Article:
by Samanwita Sen

One of the memories I look back upon fondly happens to be tucked away in the cozy little enclave of a bus seat, lit by the scintillating bobs that blurred outside as we drove past and the shadows of strangers bouncing off the window. I let myself fade into the lull of the murmured discussion, the soaring skyscrapers, the rhythmic motion of the bus…

And then I perked my ears as the hazy sound of voices came into sharp distinction. I remember catching phrases in Cantonese, the native language of Hong Kong, interspersed with other conversations in Japanese, some dialogue communicated in Mandarin, and the occasional English. I marvelled at how wonderful it was that in such a compact space, a vessel designed purely for pragmatic purposes of travel, that there could be this confluence of rich, diverse cultures. Indeed, most walks around the district I called home were always peppered with languages I had the immense privilege to witness – the gentle, nostalgic shades of Bengali, the racing rolls of Hindi, the fervency of Cantonese…

I always considered myself lucky for such an upbringing. While my thoughts and primary modes of conceiving the world manifested in English, I was always acutely conscious that it was not the dominant way of viewing the world. I was also aware that such a conception of the world was heavily informed by an education system that at times glorified Western ideals. There were even times when I would find myself slipping into Bengali ways of thinking – being ethnically Bangladeshi, there were always emotional expressions that could only be done justice to with the redolent, soothing beauty of my mother tongue. Having grown up with the opportunity to learn Mandarin, I often found myself describing situations with Chinese idioms – the four-character, pithy statements summating all the complexities of what was happening so much more succinctly than English could.

My affiliation with such an international sense of self was solidified by my experiences at school. I found myself bonding and uniting with my friends not on the basis of similarity, but on notions of difference. We were all young, impressionable teenagers, many of whom were of ethnic backgrounds that did not originate in Hong Kong or were of mixed heritage, and having gone to an international school, many of the Hong Kong students themselves identified more as having a polymorphous cultural identity due to such exposure. We all found ourselves in this ever-shifting nexus of a city, and together we cultivated that shared identity of fostering this unique sense of self – negotiating our own native backgrounds with this simultaneously international and specifically Hong Kongese upbringing, trying to reconcile the two in the entity we called “me.” My friends and their refusal to comply to absolute cultural norms but amalgamate them played integral roles in this formative aspect of my identity, and I can’t help but cherish this understanding of myself as “international.”

Of course, I have acknowledged the importance of learning about my cultural background while maintaining this international sense of self. I grew up having been surrounded by not many Bangladeshis, and found myself falling into thought patterns where I considered myself “rare” and often having to specify to people that Bangladesh was next to India on the world map – rather annoyedly. However, this uniqueness of cultural heritage – the breadth and scope of our literature’s ability to capture the complexity of human emotion, the cultural songs replete with soul-churning verses – is one I’ve come to adore and seek increasingly to assert in my identity. The same goes for my “Hong Kong” upbringing – whether it be the complexities of the entangling language or listening to Chinese music (most often in Mandarin rather than Cantonese due to my stronger grasp of it) and appreciating the lyricism of the words – I sought to integrate both of them harmoniously into my life.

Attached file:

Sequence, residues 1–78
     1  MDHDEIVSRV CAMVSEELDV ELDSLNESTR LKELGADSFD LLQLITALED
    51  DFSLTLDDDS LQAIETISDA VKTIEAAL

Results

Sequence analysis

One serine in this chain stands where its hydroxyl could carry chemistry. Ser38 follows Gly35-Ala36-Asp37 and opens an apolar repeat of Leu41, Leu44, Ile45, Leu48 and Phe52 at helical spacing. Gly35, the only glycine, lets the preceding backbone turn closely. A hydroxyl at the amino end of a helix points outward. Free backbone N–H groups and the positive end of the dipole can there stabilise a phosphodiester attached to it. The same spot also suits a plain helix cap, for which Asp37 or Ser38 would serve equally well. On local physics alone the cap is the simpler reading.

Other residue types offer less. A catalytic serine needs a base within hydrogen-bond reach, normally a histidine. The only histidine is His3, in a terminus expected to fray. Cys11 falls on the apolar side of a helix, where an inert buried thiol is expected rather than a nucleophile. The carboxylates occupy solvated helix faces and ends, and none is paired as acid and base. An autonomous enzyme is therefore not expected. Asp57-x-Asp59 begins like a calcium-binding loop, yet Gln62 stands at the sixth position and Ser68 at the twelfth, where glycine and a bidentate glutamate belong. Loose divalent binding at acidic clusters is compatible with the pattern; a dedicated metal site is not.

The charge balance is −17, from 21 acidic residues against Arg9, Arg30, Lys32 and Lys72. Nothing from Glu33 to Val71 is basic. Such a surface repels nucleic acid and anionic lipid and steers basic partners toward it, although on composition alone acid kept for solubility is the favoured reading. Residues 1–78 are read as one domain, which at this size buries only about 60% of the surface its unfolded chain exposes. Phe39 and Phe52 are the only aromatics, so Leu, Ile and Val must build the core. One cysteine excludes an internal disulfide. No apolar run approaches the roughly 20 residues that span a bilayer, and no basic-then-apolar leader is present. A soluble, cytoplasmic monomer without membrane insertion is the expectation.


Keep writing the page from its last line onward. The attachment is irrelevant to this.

I think in a world with increasing political tensions and racial divisions, or even in top tier universities where international students struggle to find someone else of a similar upbringing, embracing our differences and viewing it as a force to unite rather than separate is especially important. I once had an Indian man at the airport tell me Bangladeshis were essentially Indian, and after seeing how annoyed I was, he clarified that asserting such differences were only divisive, and seeing us all as part of one unified entity while cherishing our distinct identities was more cohesive to an integrated world. Of course, I still believe Bangladeshis are their own type of unique people, but I won’t deny our cultural ties with the rest of the world.

Ultimately, we are all similar in how uniquely different to one another we are, and making that conscious effort to learn about someone’s background and how that informed who they are now can be a very enlightening experience. It is especially at university, where I find a significant paucity of people of colour on my course, a lack of improvement in how widely people of my ethnic background are represented in the student demographic, that I am making a more conscious effort to unabashedly cherish where I come from. Of course, I don’t go around insisting that I’m the focal point of every conversation or that I had the best upbringing, but rather that I’m more than willing to talk about how my perception of the world is different to yours, and why that’s actually really cool – after all, it means the world can be just as polymorphous as we are.

The Poor Print

Established in 2013, The Poor Print is the student-run newspaper of Oriel College, Oxford. Written by members of the JCR, MCR, SCR and staff, new issues are published fortnightly during term. Our current Executive Editors are Siddiq Islam and Jerric Chong.

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